But memorization isn’t all bad. Go ahead and memorize – just remember that the point is to keep remembering, so memorizing it in one sitting isn’t going to do any good. You have to keep using the word, keep practicing it in conversation, writing, listening, etc.
For the summer, I’m coming up with a vocab learning plan Continue reading
I seem to have a propensity to put my Korean foot in my mouth whether it’s because I mix up words, misunderstand, or completely misspell a key word. My most recent mistake was Continue reading
Have you been using Google Translate to figure out if you said something correctly? Or have you been getting lazy and just typing out everything in English, checking it a couple times by translating it back and forth with Google, and then sending off a message to your language partner? Bad idea. Not an awful idea, because Google Translate is definitely helpful. But it’s also dangerous, because it throws a word back at you and you really don’t know if that word means what it’s supposed to mean in the context that you put it in. I’m speaking from experience.
Naver’s online dictionary is awesome. Yes, go ahead and use Google Translate to check things if you must (guilty, I use it sometimes, too) but don’t get dependent on it. There are lots of other online resources that work much, much better. Naver Dictionary is a prime example.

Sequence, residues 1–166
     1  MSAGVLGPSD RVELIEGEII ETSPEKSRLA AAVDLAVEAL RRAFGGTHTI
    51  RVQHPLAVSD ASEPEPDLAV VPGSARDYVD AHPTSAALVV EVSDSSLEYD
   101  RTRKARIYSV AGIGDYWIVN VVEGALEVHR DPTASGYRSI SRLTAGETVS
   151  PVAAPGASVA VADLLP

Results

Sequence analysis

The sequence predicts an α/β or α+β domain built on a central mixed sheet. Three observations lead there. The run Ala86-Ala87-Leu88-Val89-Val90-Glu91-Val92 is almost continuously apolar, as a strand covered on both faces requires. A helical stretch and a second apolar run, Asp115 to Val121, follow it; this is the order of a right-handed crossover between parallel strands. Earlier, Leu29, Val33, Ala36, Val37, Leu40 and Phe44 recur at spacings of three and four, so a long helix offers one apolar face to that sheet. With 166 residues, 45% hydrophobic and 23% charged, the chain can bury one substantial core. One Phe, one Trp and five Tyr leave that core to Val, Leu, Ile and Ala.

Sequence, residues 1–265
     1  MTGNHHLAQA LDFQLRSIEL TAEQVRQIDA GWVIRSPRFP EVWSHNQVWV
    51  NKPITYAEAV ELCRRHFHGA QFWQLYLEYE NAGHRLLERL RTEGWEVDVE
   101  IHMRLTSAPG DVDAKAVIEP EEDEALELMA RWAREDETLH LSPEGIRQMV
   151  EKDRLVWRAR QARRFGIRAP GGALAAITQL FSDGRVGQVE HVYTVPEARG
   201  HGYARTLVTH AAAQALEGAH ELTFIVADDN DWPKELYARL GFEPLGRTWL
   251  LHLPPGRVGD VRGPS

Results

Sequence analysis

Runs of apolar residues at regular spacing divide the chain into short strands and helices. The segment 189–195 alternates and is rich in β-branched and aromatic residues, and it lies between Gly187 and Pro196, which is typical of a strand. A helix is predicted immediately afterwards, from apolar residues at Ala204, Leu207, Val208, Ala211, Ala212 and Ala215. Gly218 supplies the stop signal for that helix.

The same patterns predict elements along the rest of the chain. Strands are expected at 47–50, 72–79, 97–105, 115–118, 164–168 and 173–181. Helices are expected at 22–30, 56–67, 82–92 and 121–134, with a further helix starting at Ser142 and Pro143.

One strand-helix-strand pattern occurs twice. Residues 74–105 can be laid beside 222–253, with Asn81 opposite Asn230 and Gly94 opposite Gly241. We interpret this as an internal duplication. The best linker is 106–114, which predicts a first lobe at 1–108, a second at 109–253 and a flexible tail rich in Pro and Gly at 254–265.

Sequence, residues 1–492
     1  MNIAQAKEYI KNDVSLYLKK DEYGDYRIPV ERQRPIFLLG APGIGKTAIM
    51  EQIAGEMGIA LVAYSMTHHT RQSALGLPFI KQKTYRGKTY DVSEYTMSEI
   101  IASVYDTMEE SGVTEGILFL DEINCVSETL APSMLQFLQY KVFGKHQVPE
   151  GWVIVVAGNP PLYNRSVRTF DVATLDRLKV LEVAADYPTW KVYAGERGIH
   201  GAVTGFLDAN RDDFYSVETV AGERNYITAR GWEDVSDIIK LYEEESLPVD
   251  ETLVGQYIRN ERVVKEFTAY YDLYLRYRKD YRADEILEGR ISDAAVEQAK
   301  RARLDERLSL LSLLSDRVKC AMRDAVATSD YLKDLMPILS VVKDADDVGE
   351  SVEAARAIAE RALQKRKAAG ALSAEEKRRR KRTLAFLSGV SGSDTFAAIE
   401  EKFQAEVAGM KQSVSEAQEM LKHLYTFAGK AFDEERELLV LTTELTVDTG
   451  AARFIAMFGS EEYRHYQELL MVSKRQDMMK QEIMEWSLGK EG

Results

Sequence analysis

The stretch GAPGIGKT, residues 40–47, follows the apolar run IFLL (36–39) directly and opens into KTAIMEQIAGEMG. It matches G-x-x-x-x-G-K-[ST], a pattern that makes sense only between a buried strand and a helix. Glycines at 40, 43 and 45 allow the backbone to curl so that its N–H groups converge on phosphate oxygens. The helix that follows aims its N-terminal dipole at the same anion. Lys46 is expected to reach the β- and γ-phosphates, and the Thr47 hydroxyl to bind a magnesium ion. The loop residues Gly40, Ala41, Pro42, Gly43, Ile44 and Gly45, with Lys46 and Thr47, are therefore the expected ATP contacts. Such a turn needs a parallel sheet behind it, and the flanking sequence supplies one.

I love Naver Dictionary, henceforth titled as Endic (English Dictionary, which is the version I use because hey, English is my native language…although you wouldn’t think it if you actually heard me trying to talk coherently in real life – learning Japanese, Korean, and Spanish has severely messed with my ability to do the words flowing nicely together thing) for many reasons. Here are some of them.
- You can type in either a Korean or English word and get tons of results
- Words/meanings? Synonyms? Antonyms? Idioms? All of these pop up when you type in just a single word
- Contextual examples. That’s right. They have specific references to actual news sources on the web or elsewhere with the context of the word explained, highlighted, with neon signs blinking around it and a giant Pororo dancing on top of it (well no but you get the idea)
- Many of the results have audio – go ahead and listen to what you’re reading
- Teaching yourself Korean and have hardly any vocabulary to flaunt? You can view Korean word lists for 7th through 12th graders by clicking on them on the right side bar or by searching specifically a grade’s curriculum
- Search by importance of words, by a specific subject/field (ie philosophy, literature, history, religion…)
- After you search, it usually comes up with similar words that you might want to check out
- You can make a Naver account and save words that you look up automatically to as many different vocabulary lists as you want
- You can also view a history of the words you’ve looked up in case you tend to forget the word you just learned (now that’s annoying)
Endic is pretty fantastic. But it is a little tricky to navigate at first, so give it some time. You’ll love it once you do.